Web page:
On the South, its Themes, and Why we Love the Music we do

16 Jun

Papa died smiling
Wide as the ring of a bell
Gone all star white
Small as a wish in a well
And Sodom, South Georgia
Woke like a tree full of bees
Buried in Christmas
Bows and a blanket of weeds

— from “Sodom, South Georgia” by Iron & Wine

Southern Comfort: The Language of The Music We Love

~ ~ ~ ~ ~

For whatever reason, the above video and lyrics (from Cold War Kids’ “Saint John,” and Iron & Wine’s “Sodom, South Georgia,” respectively) represent a wicked infatuation I have with the South — its imagery, themes, history, values, architecture, lifestyle, music and people. Old_Train_Car_by_irishcompass

Particularly in music, I gravitate towards the grit and grime that evokes an old era of an ancient part of this country. The Black Keys and Alex Dupree are particularly fond of painting their songs with the broad strokes of southern culture, as are more mainstream groups like Dave Matthews Band.

And I can’t get enough of it.

~ ~ ~ ~ ~

When I visited Charleston, South Carolina a few years ago I think it became the most beautiful city I’d ever seen. The historic district is simply astounding. There’s such beauty in the ancient architecture of the South, such a history of agrarian society. Though it is deeply tainted, it remains such a fully developed, self-enveloping kind of culture.

Music that employs the imagery or sound (or both) of the South continues to mesmerize me. “Church House Steps” by Ben Harper is driven by the dark, gravelly voices of the Blind Boys of Alabama. With organ-driven blues they reminisce about the region’s millions of churches and invoke its religious entrenchment, which at times was a grave enabler to the crimes of the last three centuries.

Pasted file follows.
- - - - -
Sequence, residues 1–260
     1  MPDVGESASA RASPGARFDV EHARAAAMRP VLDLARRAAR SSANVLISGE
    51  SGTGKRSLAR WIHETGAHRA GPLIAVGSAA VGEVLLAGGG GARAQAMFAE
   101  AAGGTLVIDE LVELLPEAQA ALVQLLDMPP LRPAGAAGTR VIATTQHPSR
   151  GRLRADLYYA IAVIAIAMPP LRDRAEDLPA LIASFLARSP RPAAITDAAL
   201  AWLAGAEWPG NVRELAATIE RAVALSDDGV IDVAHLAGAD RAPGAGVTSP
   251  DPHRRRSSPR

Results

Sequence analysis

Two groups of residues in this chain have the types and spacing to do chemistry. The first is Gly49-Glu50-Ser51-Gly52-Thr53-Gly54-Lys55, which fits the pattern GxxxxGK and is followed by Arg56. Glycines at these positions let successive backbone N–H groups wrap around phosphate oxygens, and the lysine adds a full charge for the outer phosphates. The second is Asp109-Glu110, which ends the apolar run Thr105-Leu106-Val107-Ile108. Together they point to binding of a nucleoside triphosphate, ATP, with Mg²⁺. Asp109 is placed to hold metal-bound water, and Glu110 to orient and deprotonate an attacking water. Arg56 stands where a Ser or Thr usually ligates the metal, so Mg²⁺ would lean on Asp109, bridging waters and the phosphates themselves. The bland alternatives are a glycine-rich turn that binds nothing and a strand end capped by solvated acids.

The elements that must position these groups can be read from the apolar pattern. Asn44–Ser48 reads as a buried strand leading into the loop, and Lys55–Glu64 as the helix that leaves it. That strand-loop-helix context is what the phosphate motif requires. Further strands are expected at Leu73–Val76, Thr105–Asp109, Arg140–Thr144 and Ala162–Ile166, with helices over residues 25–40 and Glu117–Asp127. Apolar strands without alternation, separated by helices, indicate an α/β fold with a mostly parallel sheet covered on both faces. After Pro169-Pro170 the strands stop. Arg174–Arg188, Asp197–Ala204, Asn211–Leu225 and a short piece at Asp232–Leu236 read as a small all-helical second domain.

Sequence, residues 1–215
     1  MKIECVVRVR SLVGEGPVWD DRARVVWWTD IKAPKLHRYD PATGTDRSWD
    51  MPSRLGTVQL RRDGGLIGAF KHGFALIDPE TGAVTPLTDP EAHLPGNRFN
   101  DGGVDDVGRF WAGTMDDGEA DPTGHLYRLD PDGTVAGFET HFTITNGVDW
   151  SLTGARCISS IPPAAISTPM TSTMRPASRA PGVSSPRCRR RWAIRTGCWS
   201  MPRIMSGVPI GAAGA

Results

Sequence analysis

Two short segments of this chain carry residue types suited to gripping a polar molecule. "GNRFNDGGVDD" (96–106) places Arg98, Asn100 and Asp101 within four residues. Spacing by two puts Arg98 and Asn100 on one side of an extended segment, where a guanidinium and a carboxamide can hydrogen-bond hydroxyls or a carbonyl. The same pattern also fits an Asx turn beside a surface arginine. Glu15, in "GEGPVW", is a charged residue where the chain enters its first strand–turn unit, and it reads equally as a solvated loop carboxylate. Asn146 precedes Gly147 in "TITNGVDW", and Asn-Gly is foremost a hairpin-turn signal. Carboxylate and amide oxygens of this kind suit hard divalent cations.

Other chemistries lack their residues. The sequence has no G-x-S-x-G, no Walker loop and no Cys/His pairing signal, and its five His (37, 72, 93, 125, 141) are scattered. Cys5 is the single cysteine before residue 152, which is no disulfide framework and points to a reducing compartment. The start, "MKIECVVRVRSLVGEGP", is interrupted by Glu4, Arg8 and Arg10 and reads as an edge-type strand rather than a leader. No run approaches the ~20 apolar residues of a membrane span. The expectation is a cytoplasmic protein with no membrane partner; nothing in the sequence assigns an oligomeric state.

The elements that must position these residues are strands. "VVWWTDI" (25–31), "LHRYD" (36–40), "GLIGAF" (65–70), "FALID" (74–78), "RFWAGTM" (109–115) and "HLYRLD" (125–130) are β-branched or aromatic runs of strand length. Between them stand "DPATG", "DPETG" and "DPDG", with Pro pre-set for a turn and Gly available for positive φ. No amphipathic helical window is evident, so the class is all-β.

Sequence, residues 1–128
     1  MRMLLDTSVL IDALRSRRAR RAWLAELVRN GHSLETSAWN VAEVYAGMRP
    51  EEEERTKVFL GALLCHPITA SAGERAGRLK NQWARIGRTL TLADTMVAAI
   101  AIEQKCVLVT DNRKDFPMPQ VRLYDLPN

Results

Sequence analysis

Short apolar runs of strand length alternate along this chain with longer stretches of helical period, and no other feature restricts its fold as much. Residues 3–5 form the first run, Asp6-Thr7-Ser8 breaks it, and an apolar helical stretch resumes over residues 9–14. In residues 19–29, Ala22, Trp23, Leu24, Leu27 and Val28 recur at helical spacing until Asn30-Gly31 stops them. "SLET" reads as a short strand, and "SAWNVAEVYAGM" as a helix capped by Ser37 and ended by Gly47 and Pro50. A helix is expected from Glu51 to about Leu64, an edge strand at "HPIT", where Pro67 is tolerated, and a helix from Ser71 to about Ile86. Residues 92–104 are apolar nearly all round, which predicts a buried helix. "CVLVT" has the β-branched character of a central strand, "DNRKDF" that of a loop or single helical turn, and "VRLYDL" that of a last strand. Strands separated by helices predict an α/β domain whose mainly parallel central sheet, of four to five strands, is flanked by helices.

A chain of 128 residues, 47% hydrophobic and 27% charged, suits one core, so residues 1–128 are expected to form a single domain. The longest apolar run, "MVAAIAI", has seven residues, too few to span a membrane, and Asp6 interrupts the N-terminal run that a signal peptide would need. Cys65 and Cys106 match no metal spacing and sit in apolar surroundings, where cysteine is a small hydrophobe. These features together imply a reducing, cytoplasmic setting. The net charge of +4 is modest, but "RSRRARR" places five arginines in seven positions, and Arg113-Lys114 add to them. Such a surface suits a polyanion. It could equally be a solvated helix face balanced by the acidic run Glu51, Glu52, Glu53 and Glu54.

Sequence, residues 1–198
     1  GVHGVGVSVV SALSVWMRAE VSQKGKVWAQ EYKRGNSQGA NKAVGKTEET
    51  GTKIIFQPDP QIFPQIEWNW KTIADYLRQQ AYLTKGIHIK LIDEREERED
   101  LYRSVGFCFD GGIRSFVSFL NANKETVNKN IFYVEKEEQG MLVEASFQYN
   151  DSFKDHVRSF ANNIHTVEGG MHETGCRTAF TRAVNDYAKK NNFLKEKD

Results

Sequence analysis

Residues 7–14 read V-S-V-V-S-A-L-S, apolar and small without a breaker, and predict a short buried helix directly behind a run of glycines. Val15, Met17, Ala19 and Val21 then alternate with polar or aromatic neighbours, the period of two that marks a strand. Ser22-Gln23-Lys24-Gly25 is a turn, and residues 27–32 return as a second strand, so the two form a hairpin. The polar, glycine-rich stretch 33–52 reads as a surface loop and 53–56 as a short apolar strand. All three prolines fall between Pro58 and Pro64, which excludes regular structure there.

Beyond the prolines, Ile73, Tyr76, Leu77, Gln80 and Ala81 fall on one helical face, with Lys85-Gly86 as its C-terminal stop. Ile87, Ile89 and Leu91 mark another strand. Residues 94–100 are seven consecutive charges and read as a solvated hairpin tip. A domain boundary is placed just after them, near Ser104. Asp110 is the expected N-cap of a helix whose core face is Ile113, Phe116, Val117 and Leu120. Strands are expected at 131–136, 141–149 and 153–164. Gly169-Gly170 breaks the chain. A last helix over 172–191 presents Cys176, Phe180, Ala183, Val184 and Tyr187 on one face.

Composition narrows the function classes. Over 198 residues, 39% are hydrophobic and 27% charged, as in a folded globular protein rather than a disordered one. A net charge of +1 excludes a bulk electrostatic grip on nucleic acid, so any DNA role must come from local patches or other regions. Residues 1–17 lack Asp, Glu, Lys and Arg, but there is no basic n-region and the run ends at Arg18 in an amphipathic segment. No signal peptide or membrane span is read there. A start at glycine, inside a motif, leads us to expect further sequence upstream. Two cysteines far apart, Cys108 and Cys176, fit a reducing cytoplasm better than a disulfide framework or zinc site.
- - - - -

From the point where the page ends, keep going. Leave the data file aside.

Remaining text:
It’s no doubt that both the lyrics and the style affect me — songs that hop a train and venture through the entire countryside with banjos, grungy guitars, sloppy cymbals, powerful slide-work and hammering vocals seem to immerse me in a culture that once was. Or perhaps never even existed other than in song. RainyDayBasement-charleston-SouthCarolina

~ ~ ~ ~ ~

But which matters more? Lyric or Music? This has fascinated me for a long time.

Would we love a song as much if its lyrics drew on imagery that didn’t connect with us?

Would “Louisiana Bayou” be the same if the words and sound didn’t match so perfectly? In other words, as a general rule, would listeners be as prone to fall in love with a song as quickly if the two didn’t match up?

We make excuses for songs that preach things we don’t agree with because we simply love the beat, hook, or evocation. Take Damien Rice’s “Woman Like a Man,” as graphically sexual as it is angry. But it’s haunting beauty, in acoustic guitars, cello, and sparse percussion, makes up for its abrasive language.

In the opposite way, language can keep us from liking things we might otherwise fall for. A lot of hip-hop is this way. It’s infectious and you start to move instinctively, and then you realize you’re jamming to a self-indulgent, gangsta celebrity singing “I’ve got 99 problems but a bitch ain’t one” and suddenly it’s ruined.

~ ~ ~ ~ ~

I think we’re all pretty hypocritical with what we choose to listen to and what we choose not to (and why), but does it matter? A love for music is a journey — we become infatuated with things we originally despised and lose our passion for styles that used to give us a high. Trying to write a rubric for why we love what we love and if we’re loving everything we should is impossible, pointless and pleasure-robbing to boot.

But it’s fun to notice the trends in our taste and try to trace them back to where they began.

For me, songs about the South and music that comes from its rich history probably began with Dave Matthews Band, the first group to pull me out of my metal days (Joey Jordison is still a badass on drums) of high school. Since then, artists like the aforementioned Iron & Wine continue to fuel my addiction. Iron_and_Wine_by_jonito

~ ~ ~ ~ ~

And therefore, my final exhibit, from Iron & Wine’s “Resurrection Fern:”

And when sister Lowery
says Amen,
we won’t hear anything
The ten-car train will take
that word,
that fledgling bird
And the fallen house
across the way
It’ll keep everything
The baby’s breath, our bravery
wasted and our shame

And we’ll undress beside the ashes
of the fire
Both our tender bellies
wound in baling wire
All the more pair of
under water pearls
Than the oak tree
and its resurrection fern


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